Tuesday, June 28, 2022
As 55% of the world’s population lives in the urban areas, more than half of whom live in rapidly growing secondary cities and towns, managing urban growth in a way that improves quality of life for all the residents is critical to sustainable development. Mountain cities and secondary cities are oft times overlooked. Their unique topography, natural hazards compounded by inequality, a lack of resources and critical infrastructure We must also tackle inequality and address the lack of resources and critical infrastructure needs to be addressed. Part of the solution lies in better planning villages and cities. Yet, urban planning practice and expertise is limited in the developing world and many of the existing approaches and methods are not adapted to local challenges, traditions, and context. This panel will bring together a variety of experts to look at key challenges and unique solutions for mountain regions. The key issues are demographic pressure that forces people to live in places that are vulnerable to hazards. Often countries have centralized approach to planning, where we need to include local voicess to have local solutions for local problems. Moreover, climate change brings new problems for urban planning, and cities need to have locally led and designed climate change adaptation plans. To address these challenges UN Habitat, Aga Khan Agency for Habitat, SECO and the Government’s of Tajikistan and Kyrgyzstan will discuss how to improve urban planning in mountain cities with an approach routed in evidence based decision making and local knowledge and opportunities and to put in place actions that transform mountain cites improve the quality of life for citizens.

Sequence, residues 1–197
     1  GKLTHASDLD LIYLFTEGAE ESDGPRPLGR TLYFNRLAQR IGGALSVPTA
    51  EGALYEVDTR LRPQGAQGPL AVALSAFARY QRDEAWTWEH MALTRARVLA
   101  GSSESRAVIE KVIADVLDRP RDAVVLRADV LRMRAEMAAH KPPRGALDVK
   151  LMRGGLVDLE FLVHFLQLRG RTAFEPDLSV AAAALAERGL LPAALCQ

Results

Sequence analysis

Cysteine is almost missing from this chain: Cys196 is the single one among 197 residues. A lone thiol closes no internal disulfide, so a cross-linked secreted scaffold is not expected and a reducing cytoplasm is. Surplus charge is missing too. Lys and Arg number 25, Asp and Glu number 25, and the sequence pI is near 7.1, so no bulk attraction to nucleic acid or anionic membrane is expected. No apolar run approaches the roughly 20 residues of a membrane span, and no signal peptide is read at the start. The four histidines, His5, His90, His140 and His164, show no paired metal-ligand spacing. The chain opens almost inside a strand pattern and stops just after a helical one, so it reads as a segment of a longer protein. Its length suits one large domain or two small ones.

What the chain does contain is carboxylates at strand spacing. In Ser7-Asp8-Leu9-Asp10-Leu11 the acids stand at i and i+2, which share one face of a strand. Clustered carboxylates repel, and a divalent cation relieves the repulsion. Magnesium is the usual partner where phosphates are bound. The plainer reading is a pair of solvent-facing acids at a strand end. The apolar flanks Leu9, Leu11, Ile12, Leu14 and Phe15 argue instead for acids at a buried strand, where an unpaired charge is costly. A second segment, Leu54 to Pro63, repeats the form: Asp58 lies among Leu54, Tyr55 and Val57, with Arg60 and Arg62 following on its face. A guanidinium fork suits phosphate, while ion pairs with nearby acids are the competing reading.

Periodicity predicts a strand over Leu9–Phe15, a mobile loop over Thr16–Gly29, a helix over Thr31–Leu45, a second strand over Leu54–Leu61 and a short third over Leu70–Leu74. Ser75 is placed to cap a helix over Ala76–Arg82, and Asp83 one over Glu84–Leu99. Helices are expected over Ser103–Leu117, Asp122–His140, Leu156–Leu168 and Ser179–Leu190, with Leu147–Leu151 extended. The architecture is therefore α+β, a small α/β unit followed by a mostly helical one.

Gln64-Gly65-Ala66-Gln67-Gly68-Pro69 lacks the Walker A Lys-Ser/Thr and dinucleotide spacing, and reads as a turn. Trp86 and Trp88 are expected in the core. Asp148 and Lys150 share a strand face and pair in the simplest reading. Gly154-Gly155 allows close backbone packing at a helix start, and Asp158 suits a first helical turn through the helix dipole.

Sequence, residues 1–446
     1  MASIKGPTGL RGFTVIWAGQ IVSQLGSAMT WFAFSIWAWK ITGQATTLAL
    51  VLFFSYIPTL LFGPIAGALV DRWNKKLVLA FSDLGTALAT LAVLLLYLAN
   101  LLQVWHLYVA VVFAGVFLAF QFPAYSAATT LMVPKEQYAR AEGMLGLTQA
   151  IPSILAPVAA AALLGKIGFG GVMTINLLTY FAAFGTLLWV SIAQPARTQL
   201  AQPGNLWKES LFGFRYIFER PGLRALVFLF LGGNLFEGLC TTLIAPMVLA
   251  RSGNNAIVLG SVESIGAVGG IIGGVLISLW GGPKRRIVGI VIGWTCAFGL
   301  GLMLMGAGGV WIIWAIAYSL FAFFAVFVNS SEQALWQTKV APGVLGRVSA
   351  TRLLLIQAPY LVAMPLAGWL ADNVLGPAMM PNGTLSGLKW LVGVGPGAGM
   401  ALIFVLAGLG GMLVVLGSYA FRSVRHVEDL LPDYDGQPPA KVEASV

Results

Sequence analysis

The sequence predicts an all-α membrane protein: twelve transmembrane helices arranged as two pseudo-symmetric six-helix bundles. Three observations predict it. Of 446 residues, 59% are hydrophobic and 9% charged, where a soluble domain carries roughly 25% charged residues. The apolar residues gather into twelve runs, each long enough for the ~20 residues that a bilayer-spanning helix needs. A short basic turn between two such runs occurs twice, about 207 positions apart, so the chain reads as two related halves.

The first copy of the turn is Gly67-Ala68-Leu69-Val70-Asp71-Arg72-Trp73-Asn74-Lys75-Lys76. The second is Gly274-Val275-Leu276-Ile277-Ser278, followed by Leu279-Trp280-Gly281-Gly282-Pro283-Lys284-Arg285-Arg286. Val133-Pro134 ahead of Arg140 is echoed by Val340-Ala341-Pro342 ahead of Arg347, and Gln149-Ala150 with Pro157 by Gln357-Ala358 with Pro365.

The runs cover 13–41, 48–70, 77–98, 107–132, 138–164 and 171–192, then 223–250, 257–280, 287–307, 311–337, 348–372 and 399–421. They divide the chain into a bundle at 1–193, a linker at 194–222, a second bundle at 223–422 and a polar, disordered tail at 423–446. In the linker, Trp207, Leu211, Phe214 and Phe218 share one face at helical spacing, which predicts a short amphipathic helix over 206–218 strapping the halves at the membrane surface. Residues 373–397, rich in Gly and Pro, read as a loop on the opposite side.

The objective of this event is to bring together urban planning labs, institutions foundations, donor organizations, practitioners, and local governments to explore the commonalities of urban planning practices to understand the urban system, plan for a sustainable urban future, and the development of impactful tools and approaches for transforming the urban areas.
The event aims to trigger a discussion on impactful integrated and strategic spatial planning steps and approaches by sharing best practices from environmentally vulnerable mountain settlements in Central Asia (Tajikistani and Kyrgyzstan) and well as Pakistan and Afghanistan.
The event will explore the integrated and strategic spatial planning practices and how the operation of urban system can be improved toward and sustainable and resilient urban future.
As the event focuses on integrated and strategic spatial planning, it particularly falls under Dialogue 6 of the WUF 11: Building Urban Resilience. The NUA defines urban and territorial planning as key levers to promote sustainable urban development, with central relevance in economic growth, environmental sustainability and social equity, and vital to addressing myriad challenges that cities face. It states that urban and territorial planning needs to be integrated and focused on implementation. The key issues of the dialogue include rethinking the form and function of the city, the fragmentation of actions at various levels.
The event will particularly be relevant to Dialogue 6’s key questions with its case studies and discussions, such as;